Seed of Hope

Kris Scotting sitting with participants in the Walled Gardens of Cannington
Kris Scotting sitting with participants in the Walled Gardens of Cannington

Seed of Hope is a Community Interest Company providing Recovery based social and therapeutic gardening. They work with Bridgwater and Taunton College, using its stunning Walled Gardens of Cannington as a base. Using the gardening expertise and facilities of the college, and the mental health recovery experience, of Kris Scotting and Jayne Alcock they use gardening to support people in their personal Recovery journey. Participants are supported to achieve a level one qualification in Practical horticultural Skills awarded by City and Guilds.

Co-founder Kris Scotting was a student on the School for Social Entrepreneurs Dartington (SSED) Somerset Social Entrepreneurs Programme 2018. “I used to be a psychiatric nurse, but I’m better now! I started as a volunteer in 1985 working with ex-offenders in Hampshire in a market garden, and really saw the benefits there. I thought it would be a good idea to get some training so went off and trained as a psychiatric nurse.” He worked for 8 years in the NHS then worked in the voluntary sector for 11 years before moving on to work for another social enterprise.

“I can’t tell you when the exact moment was, but at some point I realised there was no such thing as mental illness. Clearly people experience emotional and psychological distress which can be life limiting and even life ending. Having worked in that sector for many years I noticed that taking tablets doesn’t necessarily make people better, and it’s a very restrictive system that says -“just take it easy, don’t worry about having a life or a job, or a relationship, because you can’t do those things when you’ve got a mental illness.” There are different ways to do mental health. The over-riding paradigm in statutory mental health services in England is the medical model, which says you’ve got the illness, take the tablets do as we say and you’ll get better.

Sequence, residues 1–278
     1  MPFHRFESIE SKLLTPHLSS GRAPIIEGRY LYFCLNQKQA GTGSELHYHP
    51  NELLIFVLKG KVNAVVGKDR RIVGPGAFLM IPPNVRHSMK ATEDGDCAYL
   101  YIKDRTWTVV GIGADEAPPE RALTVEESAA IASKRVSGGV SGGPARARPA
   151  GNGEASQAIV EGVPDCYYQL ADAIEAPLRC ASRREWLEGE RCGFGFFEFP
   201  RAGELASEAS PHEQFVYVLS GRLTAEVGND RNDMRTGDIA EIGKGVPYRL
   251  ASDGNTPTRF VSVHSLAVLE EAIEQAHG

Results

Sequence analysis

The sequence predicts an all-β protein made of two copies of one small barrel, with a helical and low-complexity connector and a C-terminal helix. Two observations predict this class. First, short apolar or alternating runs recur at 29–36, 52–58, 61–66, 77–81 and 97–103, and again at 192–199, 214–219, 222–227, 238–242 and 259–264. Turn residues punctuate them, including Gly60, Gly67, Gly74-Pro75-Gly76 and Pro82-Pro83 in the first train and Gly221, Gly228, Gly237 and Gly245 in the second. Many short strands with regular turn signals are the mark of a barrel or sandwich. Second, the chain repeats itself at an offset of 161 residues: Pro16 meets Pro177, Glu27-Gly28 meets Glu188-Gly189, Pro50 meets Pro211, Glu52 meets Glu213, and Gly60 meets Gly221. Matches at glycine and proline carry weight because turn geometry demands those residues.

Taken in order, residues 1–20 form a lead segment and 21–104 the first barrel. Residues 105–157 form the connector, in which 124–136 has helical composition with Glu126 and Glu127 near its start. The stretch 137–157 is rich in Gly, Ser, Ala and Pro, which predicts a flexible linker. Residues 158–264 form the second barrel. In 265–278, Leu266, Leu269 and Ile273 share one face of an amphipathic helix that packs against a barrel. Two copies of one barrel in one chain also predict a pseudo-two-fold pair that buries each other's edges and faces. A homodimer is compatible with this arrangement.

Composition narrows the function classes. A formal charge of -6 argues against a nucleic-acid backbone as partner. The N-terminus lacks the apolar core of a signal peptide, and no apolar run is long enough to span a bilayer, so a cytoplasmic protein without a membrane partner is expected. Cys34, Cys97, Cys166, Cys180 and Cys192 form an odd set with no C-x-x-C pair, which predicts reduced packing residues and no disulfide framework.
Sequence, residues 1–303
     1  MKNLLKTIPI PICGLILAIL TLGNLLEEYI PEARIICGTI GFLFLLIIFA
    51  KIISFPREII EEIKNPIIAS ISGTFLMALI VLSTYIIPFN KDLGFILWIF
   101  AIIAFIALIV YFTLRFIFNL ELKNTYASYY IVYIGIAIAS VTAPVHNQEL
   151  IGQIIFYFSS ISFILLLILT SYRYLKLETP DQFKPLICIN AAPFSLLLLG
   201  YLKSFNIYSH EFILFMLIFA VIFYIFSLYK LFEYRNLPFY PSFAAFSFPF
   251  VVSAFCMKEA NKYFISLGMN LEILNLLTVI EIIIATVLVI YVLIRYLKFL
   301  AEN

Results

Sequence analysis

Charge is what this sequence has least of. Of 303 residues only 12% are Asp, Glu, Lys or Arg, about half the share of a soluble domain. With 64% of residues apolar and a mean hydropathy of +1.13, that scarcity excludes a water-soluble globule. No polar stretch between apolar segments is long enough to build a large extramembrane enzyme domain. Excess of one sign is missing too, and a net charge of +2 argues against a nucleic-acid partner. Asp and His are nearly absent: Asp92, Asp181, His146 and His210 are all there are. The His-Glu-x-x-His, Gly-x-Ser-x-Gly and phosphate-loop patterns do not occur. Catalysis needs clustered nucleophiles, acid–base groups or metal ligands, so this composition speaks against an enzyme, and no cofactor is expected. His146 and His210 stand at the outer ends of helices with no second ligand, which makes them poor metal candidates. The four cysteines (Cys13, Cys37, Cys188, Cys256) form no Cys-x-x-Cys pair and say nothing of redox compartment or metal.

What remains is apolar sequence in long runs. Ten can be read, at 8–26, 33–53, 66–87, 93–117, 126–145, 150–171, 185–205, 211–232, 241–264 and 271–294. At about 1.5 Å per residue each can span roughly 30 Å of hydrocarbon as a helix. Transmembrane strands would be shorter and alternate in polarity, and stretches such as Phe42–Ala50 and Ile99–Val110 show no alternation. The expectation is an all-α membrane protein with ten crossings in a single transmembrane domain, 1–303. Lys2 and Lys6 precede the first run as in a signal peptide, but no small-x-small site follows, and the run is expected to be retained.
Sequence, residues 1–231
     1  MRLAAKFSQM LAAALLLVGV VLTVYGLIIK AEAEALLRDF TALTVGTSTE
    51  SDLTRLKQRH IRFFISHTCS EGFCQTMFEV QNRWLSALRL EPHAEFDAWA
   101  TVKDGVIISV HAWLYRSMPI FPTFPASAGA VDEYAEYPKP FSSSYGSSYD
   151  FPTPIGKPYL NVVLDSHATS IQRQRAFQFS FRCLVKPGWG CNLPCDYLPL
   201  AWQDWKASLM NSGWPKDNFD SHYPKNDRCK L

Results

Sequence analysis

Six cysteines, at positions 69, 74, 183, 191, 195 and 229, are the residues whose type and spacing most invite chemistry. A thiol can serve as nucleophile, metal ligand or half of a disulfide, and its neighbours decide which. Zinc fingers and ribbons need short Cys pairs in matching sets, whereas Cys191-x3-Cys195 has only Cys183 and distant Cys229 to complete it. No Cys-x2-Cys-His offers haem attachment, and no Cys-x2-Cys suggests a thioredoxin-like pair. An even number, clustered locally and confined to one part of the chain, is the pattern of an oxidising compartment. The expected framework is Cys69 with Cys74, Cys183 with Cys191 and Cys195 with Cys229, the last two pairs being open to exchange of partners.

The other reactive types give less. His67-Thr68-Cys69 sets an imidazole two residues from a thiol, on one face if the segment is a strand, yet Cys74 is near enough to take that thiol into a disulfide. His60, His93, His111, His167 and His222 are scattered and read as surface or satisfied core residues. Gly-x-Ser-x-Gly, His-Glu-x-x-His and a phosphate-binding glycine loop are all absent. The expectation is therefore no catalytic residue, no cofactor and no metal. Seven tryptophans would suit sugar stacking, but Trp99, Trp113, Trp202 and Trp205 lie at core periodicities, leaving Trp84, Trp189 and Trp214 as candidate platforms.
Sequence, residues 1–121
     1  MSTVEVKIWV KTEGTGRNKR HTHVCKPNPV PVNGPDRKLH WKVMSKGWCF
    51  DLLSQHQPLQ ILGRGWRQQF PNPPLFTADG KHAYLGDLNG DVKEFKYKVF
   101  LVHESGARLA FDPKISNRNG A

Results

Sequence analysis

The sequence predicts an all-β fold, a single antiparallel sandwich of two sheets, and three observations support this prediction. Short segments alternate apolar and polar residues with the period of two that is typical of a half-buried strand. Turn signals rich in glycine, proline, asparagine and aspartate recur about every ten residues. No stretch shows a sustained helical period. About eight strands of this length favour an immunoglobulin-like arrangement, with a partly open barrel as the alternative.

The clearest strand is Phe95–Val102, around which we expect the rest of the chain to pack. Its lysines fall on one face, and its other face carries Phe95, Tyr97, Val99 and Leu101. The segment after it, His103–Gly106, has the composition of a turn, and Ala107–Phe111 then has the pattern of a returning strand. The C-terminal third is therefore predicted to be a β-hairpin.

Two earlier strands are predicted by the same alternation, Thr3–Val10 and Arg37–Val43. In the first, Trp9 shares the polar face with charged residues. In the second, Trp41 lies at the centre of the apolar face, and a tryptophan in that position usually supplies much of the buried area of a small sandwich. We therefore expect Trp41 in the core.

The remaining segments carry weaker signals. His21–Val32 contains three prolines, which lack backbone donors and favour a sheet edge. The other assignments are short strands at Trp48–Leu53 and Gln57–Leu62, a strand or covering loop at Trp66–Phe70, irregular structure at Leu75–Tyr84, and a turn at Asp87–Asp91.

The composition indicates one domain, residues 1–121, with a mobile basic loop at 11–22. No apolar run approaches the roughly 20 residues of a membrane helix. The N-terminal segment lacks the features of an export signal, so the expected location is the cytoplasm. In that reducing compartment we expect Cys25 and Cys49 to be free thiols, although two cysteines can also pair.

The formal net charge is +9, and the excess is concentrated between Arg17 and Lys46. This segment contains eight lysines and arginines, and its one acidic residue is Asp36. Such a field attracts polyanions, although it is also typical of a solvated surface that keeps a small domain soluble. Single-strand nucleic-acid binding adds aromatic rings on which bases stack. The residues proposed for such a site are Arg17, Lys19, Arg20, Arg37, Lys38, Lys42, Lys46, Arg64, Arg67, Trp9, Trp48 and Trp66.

“But there is another paradigm which is the Recovery one which says that people with mental health problems can and do recover. And that’s not necessarily a clinical recovery or a social recovery, that’s about living your life in a satisfying, hopeful and contributing way even with a mental health problem and that’s what Seed of Hope’s about. It’s about getting outdoors, in nature, nurturing living plants and the environment, caring for something other than yourself, working together as a team, with a common goal. And it’s about being outside in increased light levels which is good for you and above all, hope.
“Hope is in our name and hope is one of the key things in Recovery. If you haven’t got hope, then what is the point? Gardeners are some of the most hopeful people in the world.”

“We started on a wing and a prayer and were lucky to get a grant from Tesco Bags of Help which allowed us to work for a year here and prove the viability of the project. It also enabled us to build many of the structures you see here at the site (Cannington Community Orchard). As a result, we incorporated as Seed of Hope CIC in 2017 in the hope that would help us to be more self sufficient and sustainable.